Chancellor Philip Hammond has suggested that the so-called ‘staircase tax’ could be abolished by the end of this year.
During a Treasury Select Committee hearing, the Chancellor admitted that the tax has been putting additional stress on businesses. He told the Committee that he is ‘certainly looking at’ the legislative steps that can be taken to abolish the tax.
Termed the ‘staircase tax’, businesses with offices on multiple floors of a commercial property have been receiving separate business rates bills for each floor they occupy, provided the areas separating the offices are communal. Some firms in England and Wales have seen their business rates rise as a result.
Business rates are calculated separately in Scotland using the rateable value, which is set by a local assessor, and the ‘poundage rate’, which is set by the Scottish government.
In a recent letter to Melissa Tatton, Chief Executive of the Valuation Office Agency (VOA), Nicky Morgan, Chair of the Treasury Select Committee, labelled the sending of backdated staircase tax bills to firms as ‘unfair’.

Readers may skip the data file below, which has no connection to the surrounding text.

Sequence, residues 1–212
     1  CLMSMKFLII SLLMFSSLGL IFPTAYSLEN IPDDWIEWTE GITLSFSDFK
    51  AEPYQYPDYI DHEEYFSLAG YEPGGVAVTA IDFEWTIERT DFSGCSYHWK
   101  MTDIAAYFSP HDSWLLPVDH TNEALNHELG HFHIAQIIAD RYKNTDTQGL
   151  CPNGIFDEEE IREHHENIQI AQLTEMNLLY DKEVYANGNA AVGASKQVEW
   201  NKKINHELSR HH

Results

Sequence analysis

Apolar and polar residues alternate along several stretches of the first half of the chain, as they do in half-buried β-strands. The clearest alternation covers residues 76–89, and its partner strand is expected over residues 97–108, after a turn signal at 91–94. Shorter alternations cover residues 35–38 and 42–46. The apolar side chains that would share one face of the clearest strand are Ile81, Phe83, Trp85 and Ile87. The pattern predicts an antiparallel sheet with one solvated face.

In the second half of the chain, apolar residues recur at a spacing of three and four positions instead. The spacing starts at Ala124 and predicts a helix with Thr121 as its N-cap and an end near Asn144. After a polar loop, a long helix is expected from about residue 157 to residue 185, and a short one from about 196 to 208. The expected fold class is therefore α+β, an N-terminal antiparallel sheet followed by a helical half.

In response, Ms Tatton revealed that, of the 11,000 rates that had to be reviewed, 5,500 firms saw their rateable value rise as a result of the staircase tax, 4,100 experienced an increase of less than 10%, and 1,400 saw a rise of more than 10%.
The Federation of Small Businesses (FSB) had previously called for the staircase tax to be axed. The business group welcomed the Chancellor’s remarks: Mike Cherry, National Chairman of the FSB, said: ‘The staircase tax has heaped misery on thousands of small businesses that happen to occupy split workspaces.
‘The Chancellor’s words will come as welcome relief to the desperate firms who had absolutely no idea that bill hikes were coming down the line.’